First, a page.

On This Day in Aviation History

February 19, 2011

On This Day in Aviation History: February 19th

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Written by: Phil Derner Jr.
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1985 – Iberia Flight 610, a 727-200  (EC-DDU) crashes after striking a television antenna while on approach to Bilbao, Spain, killing all 148 on-board. The Captain was heard to have yelled “Shut up” several times as the Ground Proximity Warning System told him to pull up.

1985 – China Airlines Flight 006, a 747SP (N4522V) flying from Taipei to Los Angeles experiences a #4 engine failure, leading the aircraft to roll and take a 30,000ft dive before regaining control. The aircraft received significant damage to the horizontal stabilizer, and its right main gear became deployed while it also lost a large amount of hydraulic fluid. The aircraft diverts to San Francisco with only two injuries among the 274 people aboard.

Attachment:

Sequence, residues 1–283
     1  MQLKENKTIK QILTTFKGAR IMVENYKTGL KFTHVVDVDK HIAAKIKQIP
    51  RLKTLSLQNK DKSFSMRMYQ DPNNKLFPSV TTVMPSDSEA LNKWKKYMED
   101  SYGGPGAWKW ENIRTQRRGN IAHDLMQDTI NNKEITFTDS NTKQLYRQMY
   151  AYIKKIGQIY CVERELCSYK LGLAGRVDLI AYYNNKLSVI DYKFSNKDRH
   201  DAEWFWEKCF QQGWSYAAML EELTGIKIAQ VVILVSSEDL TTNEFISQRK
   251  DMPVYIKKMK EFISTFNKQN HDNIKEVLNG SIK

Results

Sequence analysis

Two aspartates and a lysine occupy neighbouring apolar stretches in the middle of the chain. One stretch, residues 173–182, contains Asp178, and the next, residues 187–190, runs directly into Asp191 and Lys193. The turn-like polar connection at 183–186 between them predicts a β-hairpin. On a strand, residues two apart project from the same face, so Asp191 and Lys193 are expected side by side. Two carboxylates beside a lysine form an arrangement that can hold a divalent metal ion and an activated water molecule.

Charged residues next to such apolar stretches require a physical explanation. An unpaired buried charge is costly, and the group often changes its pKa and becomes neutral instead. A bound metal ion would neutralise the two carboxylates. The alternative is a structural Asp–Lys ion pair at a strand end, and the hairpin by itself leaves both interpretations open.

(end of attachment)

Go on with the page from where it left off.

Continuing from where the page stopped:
1982 – The first Boeing 757 takes to the air on its maiden test flight.

1965 – Lufthansa signs up as the first customer for the forthcoming Boeing 737

1955 – TWA Flight 260, a Martin 4-0-4 (N40416) crashes into the Sandia Mountains while on a flight form Albuquerque to Santa Fe, New Mexico. Instrument failure giving poor direction is accredited with the deaths of all 16 on-board. The 10,678ft mountain is still the home to some of the wreckage, which can be seen from the Sandia Tram.

1934 – The United States Army Air Corps begins flying US airmail after the government cancels all existing airmail contracts due to alleged improprieties by the previous administration during the negotiations of those contracts.

This is the sequence of China Airlines 006's roll during its two and a half minute, 30,000-foot dive.



About the Author

Phil Derner Jr.
Phil Derner founded NYCAviation in 2003. A lifetime aviation enthusiast that grew up across the water from La Guardia Airport, Phil has aviation experience as a Loadmaster, Operations Controller and Flight Dispatcher. He owns and operates NYCAviation and performs duties as an aviation expert through writing, consulting, public speaking and media appearances. You can reach him by email or follow him on Twitter.




 
 

 

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